(Isa. 2:2-5 ESV) LORD shall be established as the highest of the mountains, and shall be lifted up above the hills; and all the nations shall flow to it, 3 and many peoples shall come, and say: “Come, let us go up to the mountain of the LORD, to the house of the God of Jacob, that he may teach us his ways and that we may walk in his paths.” For out of Zion shall go the law, and the word of the LORD from Jerusalem. 4 He shall judge between the nations, and shall decide disputes for many peoples; and they shall beat their swords into plowshares, and their spears into pruning hooks; nation shall not lift up sword against nation, neither shall they learn war anymore. 5 O house of Jacob, come, let us walk in the light of the LORD.
(Zech. 9:9-10 ESV) 9 Rejoice greatly, O daughter of Zion! Shout aloud, O daughter of Jerusalem! Behold, your king is coming to you; righteous and having salvation is he, humble and mounted on a donkey, on a colt, the foal of a donkey. 10 I will cut off the chariot from Ephraim and the war horse from Jerusalem; and the battle bow shall be cut off, and he shall speak peace to the nations; his rule shall be from sea to sea, and from the River to the ends of the earth.
(Mic. 4:1-4 ESV) It shall come to pass in the latter days that the mountain of the house of the LORD shall be established as the highest of the mountains, and it shall be lifted up above the hills; and peoples shall flow to it, 2 and many nations shall come, and say: “Come, let us go up to the mountain of the LORD, to the house of the God of Jacob, that he may teach us his ways and that we may walk in his paths.” For out of Zion shall go forth the law, and the word of the LORD from Jerusalem. 3 He shall judge between many peoples, and shall decide for strong nations far away; and they shall beat their swords into plowshares, and their spears into pruning hooks; nation shall not lift up sword against nation, neither shall they learn war anymore; 4 but they shall sit every man under his vine and under his fig tree, and no one shall make them afraid, for the mouth of the LORD of hosts has spoken.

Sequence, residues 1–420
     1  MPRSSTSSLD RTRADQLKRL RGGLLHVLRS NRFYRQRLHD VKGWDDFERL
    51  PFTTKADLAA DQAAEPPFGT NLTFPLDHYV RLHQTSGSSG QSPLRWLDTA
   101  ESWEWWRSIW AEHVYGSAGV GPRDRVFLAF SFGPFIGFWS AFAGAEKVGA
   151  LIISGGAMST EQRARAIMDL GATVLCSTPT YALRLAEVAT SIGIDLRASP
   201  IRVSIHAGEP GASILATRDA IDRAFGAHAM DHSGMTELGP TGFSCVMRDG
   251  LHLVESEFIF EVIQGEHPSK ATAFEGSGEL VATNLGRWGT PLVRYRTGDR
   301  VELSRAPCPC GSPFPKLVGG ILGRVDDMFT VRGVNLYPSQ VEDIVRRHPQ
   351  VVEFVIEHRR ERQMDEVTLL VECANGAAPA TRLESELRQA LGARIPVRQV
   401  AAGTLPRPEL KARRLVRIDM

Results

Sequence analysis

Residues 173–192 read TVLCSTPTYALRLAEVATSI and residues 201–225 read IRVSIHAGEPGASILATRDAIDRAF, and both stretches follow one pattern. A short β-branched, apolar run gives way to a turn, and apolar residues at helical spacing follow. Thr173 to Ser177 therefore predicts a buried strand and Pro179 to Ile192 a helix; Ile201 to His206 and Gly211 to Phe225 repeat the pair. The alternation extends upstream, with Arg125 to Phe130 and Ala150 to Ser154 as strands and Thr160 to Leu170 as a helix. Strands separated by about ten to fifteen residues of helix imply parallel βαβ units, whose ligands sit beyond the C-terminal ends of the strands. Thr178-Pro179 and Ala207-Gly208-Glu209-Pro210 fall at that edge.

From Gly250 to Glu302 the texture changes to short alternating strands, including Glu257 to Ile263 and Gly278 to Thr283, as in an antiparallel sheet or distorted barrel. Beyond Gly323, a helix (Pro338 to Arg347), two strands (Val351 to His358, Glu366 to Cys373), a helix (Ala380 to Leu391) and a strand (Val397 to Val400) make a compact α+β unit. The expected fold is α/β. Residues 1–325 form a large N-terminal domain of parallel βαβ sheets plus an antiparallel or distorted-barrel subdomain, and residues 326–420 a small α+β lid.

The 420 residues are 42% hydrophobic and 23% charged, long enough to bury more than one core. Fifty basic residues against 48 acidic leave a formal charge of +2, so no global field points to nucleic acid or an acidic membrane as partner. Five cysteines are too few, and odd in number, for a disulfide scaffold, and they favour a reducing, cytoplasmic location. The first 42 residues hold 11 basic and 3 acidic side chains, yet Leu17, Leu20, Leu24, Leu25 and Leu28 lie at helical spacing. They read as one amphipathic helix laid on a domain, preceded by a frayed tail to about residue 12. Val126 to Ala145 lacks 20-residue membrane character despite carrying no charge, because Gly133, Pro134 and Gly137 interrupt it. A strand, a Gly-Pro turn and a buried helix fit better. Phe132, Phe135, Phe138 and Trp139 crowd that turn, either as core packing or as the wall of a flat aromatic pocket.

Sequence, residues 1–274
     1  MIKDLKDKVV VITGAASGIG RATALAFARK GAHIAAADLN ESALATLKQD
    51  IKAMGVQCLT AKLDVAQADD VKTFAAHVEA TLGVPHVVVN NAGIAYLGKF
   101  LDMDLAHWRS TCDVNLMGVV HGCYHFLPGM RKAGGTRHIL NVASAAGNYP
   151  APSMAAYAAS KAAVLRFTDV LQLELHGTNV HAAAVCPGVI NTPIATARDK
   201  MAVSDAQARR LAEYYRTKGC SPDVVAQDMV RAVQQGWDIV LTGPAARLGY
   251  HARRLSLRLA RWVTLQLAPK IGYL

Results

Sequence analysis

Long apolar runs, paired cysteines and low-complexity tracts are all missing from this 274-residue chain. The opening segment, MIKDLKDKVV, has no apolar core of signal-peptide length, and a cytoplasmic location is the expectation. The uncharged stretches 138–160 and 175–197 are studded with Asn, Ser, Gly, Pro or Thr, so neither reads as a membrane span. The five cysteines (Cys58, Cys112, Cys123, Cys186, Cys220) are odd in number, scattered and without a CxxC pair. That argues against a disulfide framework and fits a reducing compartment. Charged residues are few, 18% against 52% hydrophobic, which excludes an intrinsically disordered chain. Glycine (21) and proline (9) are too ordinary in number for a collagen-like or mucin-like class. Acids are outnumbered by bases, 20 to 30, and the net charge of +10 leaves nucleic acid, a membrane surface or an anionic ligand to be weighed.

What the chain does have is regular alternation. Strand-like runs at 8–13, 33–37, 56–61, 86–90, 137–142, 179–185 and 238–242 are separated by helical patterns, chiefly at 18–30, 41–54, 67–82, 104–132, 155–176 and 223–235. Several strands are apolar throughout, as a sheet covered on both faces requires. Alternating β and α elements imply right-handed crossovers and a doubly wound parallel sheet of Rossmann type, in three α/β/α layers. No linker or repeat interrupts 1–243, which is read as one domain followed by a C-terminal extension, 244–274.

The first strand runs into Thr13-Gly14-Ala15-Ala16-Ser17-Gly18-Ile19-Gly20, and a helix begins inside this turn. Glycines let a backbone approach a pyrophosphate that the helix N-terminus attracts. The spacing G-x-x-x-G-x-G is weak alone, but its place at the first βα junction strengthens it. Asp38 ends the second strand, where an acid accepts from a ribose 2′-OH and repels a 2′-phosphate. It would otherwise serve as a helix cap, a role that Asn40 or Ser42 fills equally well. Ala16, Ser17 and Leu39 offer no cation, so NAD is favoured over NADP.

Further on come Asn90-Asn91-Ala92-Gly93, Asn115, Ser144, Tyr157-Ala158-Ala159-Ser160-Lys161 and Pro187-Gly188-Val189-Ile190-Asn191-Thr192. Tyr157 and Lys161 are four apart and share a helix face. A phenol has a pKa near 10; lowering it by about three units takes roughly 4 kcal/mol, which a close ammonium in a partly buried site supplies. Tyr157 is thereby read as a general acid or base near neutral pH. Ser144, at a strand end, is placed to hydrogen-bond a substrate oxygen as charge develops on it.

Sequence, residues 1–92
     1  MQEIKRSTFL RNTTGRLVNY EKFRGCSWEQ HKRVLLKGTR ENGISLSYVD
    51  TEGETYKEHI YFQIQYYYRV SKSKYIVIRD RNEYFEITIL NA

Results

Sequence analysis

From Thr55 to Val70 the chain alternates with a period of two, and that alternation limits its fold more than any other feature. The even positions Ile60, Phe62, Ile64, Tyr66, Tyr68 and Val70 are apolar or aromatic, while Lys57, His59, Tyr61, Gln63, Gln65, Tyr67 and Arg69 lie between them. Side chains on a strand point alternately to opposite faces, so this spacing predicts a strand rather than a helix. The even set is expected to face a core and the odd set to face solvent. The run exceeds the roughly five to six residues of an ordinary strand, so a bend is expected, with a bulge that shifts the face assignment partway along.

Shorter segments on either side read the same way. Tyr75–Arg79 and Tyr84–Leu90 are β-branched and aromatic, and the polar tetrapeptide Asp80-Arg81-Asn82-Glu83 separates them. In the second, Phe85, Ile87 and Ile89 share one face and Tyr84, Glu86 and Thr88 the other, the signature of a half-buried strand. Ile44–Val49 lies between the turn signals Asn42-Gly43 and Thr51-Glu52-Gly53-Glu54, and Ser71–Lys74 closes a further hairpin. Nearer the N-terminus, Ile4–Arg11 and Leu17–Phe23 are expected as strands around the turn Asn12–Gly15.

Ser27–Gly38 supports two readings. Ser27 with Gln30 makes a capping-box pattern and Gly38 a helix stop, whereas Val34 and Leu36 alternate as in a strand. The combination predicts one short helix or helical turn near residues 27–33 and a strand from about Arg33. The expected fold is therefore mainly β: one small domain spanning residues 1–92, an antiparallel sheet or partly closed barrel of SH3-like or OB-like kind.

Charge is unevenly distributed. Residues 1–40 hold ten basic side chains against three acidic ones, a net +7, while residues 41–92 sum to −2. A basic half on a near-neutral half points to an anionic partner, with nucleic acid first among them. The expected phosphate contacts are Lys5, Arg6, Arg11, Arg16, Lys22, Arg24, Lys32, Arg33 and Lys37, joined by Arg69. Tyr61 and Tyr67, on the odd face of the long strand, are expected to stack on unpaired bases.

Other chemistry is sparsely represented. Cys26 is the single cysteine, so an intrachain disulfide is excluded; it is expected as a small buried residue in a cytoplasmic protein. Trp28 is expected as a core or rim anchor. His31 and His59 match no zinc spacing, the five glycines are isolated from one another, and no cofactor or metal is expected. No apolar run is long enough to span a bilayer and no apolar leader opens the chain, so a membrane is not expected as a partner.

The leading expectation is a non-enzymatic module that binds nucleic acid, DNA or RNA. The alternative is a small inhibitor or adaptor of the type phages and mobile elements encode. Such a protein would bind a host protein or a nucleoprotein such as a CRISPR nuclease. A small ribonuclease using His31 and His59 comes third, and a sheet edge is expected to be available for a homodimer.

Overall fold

One of the central, driving themes of the gospel is unity — across the planet. And we can’t even manage to be united with the other Churches of Christ in town. And it’s not the fault of the gospel. It’s our fault. Indeed, many among us don’t even desire unity because the price is too high. Just like the Judaizing teachers who opposed Paul, we love our traditions and the sense of superiority that comes with being right. Division is our means of feeling superior. Which proves us to be sinners.
(Jer. 9:23-24 ESV) 23 Thus says the LORD: “Let not the wise man boast in his wisdom, let not the mighty man boast in his might, let not the rich man boast in his riches, 24 but let him who boasts boast in this, that he understands and knows me, that I am the LORD who practices steadfast love, justice, and righteousness in the earth. For in these things I delight, declares the LORD.”
(Gal. 6:14 ESV) 14 But far be it from me to boast except in the cross of our Lord Jesus Christ, by which the world has been crucified to me, and I to the world.
In short, and this is me, not Thompson or Wright, as we read the passages about the church’s mission, we need to read “church” as meaning “all Christians in my hometown working together.” It’s not about you. It’s not about your congregation. It’s not about your denomination. It’s about the church — the bride and body of Jesus. And there’s only one.